The central principal of investment is to go contrary to the general opinion, on the grounds that if everyone agreed about its merits, the investment is inevitably too dear and therefore unattractive.”
Our 2Q10 theme, APRIL FLOWERS/MAY SHOWERS, suggested that the S&P 500 could sees a 4-7% correction in 2Q10. We did not think it would happen in a matter of days. While Buffet took some heat over the weekend for talking up his book, he is still the ORACLE OF OMAHA. As he suggests in the quote above, the persuasive bullishness of late is just to “dear” to the masses.
Last week, the government reported that real GDP increased 3.2% annualized in the first quarter. This print was slightly below consensus +3.3% and vs. prior +5.6%. Personal consumption expenditures (PCE) were +3.6%; higher than consensus +3.3% and prior +1.6%. PCE accounted for 2.5% of the reported gain and business investment accounted for 1.6% points, of which 1.5% was due to a continuing relative buildup in inventories. The big concern with the Q1 GDP report is whether or not the trends in PCE are SUSTAINABLE.
As I wrote the other day, SUSTAINABLE growth in PCE requires continued growth in real disposable income. Without growth in income consumption can only be borrowed from the future quarters through borrowing more and/or the consumer spending his/her savings. In the current environment, neither of those sources is real or sustainable. In 1Q10, the quarter-to-quarter trend in real disposable income was contracting. Real consumer credit, which has been reported only for January and February, was also contracting in the first-quarter versus the fourth-quarter.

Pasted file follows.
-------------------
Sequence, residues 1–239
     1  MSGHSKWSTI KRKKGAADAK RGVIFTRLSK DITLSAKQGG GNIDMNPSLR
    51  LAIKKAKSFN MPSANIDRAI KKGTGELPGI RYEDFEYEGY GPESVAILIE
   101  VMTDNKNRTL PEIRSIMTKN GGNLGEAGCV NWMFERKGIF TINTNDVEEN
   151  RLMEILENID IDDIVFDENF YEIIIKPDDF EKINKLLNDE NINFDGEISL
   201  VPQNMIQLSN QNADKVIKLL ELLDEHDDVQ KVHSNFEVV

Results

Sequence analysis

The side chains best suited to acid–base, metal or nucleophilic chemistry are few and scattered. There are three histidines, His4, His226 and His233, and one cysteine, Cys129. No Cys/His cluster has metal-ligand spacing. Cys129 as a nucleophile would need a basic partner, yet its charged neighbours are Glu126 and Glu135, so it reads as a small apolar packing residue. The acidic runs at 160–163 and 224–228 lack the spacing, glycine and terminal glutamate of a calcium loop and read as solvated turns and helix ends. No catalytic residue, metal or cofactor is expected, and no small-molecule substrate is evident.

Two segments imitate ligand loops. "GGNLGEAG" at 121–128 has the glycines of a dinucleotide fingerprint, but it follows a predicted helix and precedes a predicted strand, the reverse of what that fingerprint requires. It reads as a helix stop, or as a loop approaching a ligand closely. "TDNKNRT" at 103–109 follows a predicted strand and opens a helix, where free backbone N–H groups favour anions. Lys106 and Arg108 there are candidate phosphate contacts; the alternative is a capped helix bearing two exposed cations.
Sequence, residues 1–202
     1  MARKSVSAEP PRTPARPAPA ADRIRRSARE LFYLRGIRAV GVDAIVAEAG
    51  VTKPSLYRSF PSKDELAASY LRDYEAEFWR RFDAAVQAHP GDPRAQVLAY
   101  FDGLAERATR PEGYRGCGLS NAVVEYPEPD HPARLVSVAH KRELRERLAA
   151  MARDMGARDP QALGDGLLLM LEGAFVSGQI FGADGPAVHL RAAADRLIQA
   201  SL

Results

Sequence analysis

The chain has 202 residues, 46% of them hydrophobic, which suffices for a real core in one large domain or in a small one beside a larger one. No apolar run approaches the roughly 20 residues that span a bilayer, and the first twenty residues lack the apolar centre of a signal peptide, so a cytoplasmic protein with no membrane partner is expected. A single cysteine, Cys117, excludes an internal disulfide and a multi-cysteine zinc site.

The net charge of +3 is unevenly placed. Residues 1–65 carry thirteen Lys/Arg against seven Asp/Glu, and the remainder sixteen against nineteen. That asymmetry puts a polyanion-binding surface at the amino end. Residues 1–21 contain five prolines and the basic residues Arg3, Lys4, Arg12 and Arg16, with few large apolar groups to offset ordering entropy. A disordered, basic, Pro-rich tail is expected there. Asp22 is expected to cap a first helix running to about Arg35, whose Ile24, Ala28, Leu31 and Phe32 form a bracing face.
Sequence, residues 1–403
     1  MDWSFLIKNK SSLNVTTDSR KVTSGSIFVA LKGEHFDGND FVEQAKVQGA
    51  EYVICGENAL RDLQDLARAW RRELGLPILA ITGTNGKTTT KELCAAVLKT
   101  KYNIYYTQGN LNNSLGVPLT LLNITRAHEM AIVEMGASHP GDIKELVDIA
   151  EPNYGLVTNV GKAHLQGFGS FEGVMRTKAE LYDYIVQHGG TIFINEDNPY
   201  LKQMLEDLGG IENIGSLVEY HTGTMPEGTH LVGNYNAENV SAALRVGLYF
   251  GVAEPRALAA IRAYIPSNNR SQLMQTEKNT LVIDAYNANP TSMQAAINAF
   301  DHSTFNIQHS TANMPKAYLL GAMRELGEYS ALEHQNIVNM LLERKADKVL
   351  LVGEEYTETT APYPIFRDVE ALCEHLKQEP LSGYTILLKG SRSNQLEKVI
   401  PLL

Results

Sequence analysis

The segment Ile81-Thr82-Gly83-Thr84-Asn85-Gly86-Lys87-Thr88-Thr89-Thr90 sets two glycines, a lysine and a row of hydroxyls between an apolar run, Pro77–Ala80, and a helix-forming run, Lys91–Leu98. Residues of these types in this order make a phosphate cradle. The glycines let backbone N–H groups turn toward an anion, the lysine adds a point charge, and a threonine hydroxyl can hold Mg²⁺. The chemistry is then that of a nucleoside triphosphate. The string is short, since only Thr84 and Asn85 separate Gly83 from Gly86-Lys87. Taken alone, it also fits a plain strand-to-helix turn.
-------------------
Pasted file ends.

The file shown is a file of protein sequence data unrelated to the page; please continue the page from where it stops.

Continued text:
If the U.S. banking system were able to function normally, it would be lending more money, not contributing to a slow downward spiral in consumer and business credit outstanding. Needless to say, these trends show no basis for SUSTAINABLE growth in the economy or PCE.
The US market bulls expect the market to continue to move higher on stronger earnings. A Bloomberg survey suggests expectations for total profit from Standard & Poor’s 500 Index companies of $88 to $90 a share this year, and close to $100 a share in 2011.
It seems unlikely that these strikingly bullish estimates incorporate proactive slowing of the free money trail in a number of regions around the world in 2H10 and 2011. With the Chinese market down 13% year-to-date, worries about a slowdown in China are increasing. The Government is proactively saying things are too hot. The number of countries that are “proactively slowing” growth is increasing every week; it’s becoming the norm not the exception (Australia joined in last night and India has a real inflation problem to address). Just to name a few….
With this trend solidly in place, and critical component to overall earnings growth, we would argue that over the next four quarters the risk/reward points to the downside in emerging economies; thereby placing much more pressure on the developed world recovery to meet the S&P 500 earnings growth numbers. Such a recovery is not a likely event!
We have been very vocal about the mounting sovereign solvency issues in Europe. In many ways, the European crisis echoes the way the U.S. banking crisis brought the global banking system to its knees. At that time, the global monetary policy-makers allocated trillions to prevent systemic collapse. In total, the sovereign debt crisis in Europe could also threaten systemic collapse. As with the U.S. banking crisis, I expect that everything possible will be done to prevent that type of massive melt down.
As a result, U.S. fiscal stability is the key to keeping global systemic risk in check. Unfortunately, our balance sheet issues are very much the same as those facing the PIIGS.
April Flowers/May Showers